Just a few days from now in a toy store far, far too close, Star Wars will have kids dancing in the aisles. Come on, it’s not like it ever actually went away, but perhaps a religion-inspiring franchise can get insecure with all those superheroes competing for the hearts and minds of children.
Thus we get the animated (and by the way, far less expensive to produce) installment, The Clone Wars. Set between the live-action Episodes 2 and 3 but after the previous animated series of the same name, perhaps the most surprising thing about this movie is that it’s not half-bad.
Of course, that qualifies it as half-good. For a narrative cobbled together from three episodes of the impending animated series, The Clone Wars actually stands up pretty well. If you ignore what you know from the other films, you might even find yourself caught up in the threats to Anakin Skywalker (here voiced by Matt Lanter), a roguishly scarred dark-clad Jedi Knight.
Despite his clear stance as a cocky hot-shot loner (supported by a troop of clones, though), Anakin finds himself saddled with a paduwan, which is Jedi jargon for intern. Meant to reflect his Anakin’s own impetuousness and give girls a character to emulate, Ahsoka Tano (Ashley Eckstein) veers from hero-worship to overconfidence at the drop of a plot convenience.
(Also ignore that in the live-action films, there’s no way that Obi-Wan Kenobi would have deemed Anakin fit to have a paduwan. Here, it’s a wacky conspiracy between Obi-Wan and Yoda to teach Anakin a sense of responsibility – and allows Yoda to say something wise about Anakin’s character that shows Yoda has both keen insight and an unerring ability to do exactly the wrong thing about it.)
They find themselves caught up in a rescue mission that makes the bulk of the film’s plot. Count Dooku (Christopher Lee – yes, Christopher Lee ) has engineered the kidnapping of Jabba the Hutt’s son, a slimy little larva Ahsoka dubs Stinky. If the Jedi can rescue him, Jabba will side with the Republic and make it easier on transportation in the outer worlds. If Dooku can frame the Jedi, however, then Jabba sides with the Rebellion and really, isn’t it kind of weird that the allegiances of 1, 2 and 3 are the exact opposite of 4, 5 and 6?
Kids won’t know, though. Nor will they remember that actually both sides of this war are being orchestrated by Palpatine (Ian Abercrombie). Again, overlooking that most of the people we’re rooting for here will be killed or turned evil in Revenge of the Sith, things get fairly exciting – eventually.
Because the title is The Clone Wars, the first fifteen minutes or so get taken up by a pretty pointless series of battles. The screenwriters clearly didn’t veer too far from George Lucas’ blueprint, as this was a problem in the other films, too. It’s also not well-plotted here, with Anakin and Ahsoka pulling off a supposedly clever battle tactic that would have occurred with or without their efforts.
The sophistication level isn’t too high. In addition to the nickname Stinky, which calls to mind the Star Wars Holiday Special naming Chewbacca’s children Itchy and Lumpy, Ahsoka calls Anakin “Skyguy” and he calls her “Snips.”
Both Anakin and Obi-Wan can sense when the Sith assassin Ventris is on the same planet as they are, but miss when Dooku stands less than thirty feet away, practically begging the Dark Side to sidle up to Obi-Wan and bite him on the butt. And lord, why must Dooku’s army of droids be so woefully, utterly stupid? Who would design a line of soldierbots with processing power that makes Jar-Jar Binks look like a tactical genius?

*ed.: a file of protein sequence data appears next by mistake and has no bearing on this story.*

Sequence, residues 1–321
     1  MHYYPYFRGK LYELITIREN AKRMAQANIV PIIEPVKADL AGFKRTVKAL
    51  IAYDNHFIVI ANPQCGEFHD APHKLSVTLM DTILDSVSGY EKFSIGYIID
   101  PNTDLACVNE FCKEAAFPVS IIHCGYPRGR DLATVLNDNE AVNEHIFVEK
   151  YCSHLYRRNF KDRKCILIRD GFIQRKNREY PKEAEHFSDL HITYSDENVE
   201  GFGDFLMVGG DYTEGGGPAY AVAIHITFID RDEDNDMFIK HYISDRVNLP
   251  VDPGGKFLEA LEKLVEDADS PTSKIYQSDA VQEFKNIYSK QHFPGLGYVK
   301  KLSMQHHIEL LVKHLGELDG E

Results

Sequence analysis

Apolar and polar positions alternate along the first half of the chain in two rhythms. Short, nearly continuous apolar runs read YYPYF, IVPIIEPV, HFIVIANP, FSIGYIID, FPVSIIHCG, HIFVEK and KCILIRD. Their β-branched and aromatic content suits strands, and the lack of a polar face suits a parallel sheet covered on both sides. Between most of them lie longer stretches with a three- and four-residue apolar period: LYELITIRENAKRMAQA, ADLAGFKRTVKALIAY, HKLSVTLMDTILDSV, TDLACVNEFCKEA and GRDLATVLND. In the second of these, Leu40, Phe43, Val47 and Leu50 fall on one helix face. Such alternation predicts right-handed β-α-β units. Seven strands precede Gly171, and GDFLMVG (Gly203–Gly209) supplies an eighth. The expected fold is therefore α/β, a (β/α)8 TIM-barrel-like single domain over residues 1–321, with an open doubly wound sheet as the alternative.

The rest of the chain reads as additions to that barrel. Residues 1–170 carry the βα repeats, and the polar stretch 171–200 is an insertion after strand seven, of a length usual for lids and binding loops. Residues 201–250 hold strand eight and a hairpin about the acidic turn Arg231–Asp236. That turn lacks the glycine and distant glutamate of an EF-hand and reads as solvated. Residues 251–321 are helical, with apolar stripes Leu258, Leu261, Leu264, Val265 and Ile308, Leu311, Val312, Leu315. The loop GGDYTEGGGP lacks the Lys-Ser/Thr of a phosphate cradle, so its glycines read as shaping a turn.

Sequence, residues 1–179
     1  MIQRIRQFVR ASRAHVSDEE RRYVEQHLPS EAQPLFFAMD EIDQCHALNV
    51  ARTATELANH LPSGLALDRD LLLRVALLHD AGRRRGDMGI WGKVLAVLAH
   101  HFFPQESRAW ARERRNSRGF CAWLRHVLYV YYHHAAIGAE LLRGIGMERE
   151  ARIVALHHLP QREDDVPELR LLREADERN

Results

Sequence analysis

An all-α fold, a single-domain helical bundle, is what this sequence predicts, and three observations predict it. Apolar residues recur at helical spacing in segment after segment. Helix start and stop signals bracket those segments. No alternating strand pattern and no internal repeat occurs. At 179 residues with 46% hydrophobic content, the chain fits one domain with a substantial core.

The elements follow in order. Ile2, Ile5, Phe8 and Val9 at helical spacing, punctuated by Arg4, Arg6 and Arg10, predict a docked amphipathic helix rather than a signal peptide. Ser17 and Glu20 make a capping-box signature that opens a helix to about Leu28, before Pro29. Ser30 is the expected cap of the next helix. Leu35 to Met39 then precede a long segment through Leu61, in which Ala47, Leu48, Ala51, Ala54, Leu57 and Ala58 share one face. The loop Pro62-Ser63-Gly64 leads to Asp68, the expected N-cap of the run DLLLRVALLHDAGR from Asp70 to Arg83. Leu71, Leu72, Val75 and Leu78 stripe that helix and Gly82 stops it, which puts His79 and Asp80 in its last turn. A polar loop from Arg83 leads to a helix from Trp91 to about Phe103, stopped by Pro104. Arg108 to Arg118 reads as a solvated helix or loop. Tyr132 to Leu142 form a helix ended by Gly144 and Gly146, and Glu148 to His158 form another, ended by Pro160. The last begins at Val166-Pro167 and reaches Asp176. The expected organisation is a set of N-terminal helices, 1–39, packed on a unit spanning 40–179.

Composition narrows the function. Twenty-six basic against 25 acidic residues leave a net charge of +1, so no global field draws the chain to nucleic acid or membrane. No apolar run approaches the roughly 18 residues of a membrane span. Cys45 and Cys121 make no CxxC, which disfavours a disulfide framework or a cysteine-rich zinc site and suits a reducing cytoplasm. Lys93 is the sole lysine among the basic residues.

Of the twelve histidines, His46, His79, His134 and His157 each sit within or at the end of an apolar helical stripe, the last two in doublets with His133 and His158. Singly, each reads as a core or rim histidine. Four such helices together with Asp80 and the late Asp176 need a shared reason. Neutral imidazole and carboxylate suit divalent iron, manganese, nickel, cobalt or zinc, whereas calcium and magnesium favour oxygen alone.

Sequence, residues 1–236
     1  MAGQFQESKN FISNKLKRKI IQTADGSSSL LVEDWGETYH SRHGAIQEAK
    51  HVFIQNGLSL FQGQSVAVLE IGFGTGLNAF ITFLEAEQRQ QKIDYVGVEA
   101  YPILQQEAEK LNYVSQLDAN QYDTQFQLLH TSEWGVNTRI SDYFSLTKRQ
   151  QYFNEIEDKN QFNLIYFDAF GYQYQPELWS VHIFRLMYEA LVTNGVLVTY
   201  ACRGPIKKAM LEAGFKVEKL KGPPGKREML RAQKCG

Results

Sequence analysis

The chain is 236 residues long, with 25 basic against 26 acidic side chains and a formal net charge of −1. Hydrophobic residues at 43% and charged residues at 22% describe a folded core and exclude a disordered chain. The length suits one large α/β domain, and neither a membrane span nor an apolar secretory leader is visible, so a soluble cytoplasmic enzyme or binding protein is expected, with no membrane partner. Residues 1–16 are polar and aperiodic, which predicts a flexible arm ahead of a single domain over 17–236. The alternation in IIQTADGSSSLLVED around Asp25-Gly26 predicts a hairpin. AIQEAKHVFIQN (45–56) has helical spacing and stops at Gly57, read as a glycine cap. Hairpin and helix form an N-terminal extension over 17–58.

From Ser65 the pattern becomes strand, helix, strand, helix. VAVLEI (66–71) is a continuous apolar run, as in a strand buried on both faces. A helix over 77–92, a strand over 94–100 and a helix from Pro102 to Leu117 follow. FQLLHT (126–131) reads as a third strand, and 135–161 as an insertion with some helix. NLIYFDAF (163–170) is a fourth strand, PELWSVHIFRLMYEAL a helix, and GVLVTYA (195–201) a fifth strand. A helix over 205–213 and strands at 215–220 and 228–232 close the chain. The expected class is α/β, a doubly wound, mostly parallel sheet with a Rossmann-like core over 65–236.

Lest this get too dismissive, the art direction on this show needs to be praised. Though in terms of animation, the production has problems working with light sources, it’s because what they’re shooting for is making this series look like moving production paintings. The angularity of the characters, though also echoing the earlier animated effort, come straight out of Ralph McQuarrie’s original concepts for the franchise.
There’s creativity elsewhere, too. Since the troopers all have the same Fett face, they express their individuality in hair style, and apparently don’t get too creeped out when at ease and just staring at themselves all the time. We meet Jabba’s Coruscant-based uncle, Ziro the Hutt (Corey Burton), who dresses in purple and gets a voice like Truman Capote.
That’s just one of the great voice performances in the film. The animated Anakin runs rings around the live-action one as far as charisma and nuance goes, so credit has to go to Lanter. Playing all the clones, Dee Bradley Baker manages to use the same voice to create reasonably different characters.
Horror great Lee at least sounds like he enjoys voicing Dooku, and you just know that Samuel L. Jackson smiles off-screen every time he gets to play Mace Windu. Say what you will, the man is secretly one of us. And when C-3PO finally appears, hearing Anthony Daniels’ voice is strangely reassuring.
It often doesn’t make much sense, but taken on its own, The Clone Wars satisfies a lot more cleanly than 1, 2 and 3. But you might consider that a problem as it contradicts so much of what we geeks think of as lore. Guess what, though? It’s not for us, and as such is hard to recommend as a theatrical film, when we know it’s coming soon enough to the Cartoon Network. Still, there’s a long history of both Star Wars and animated toy tie-ins milking us, and The Clone Wars is at least entertaining enough for you to not immediately notice.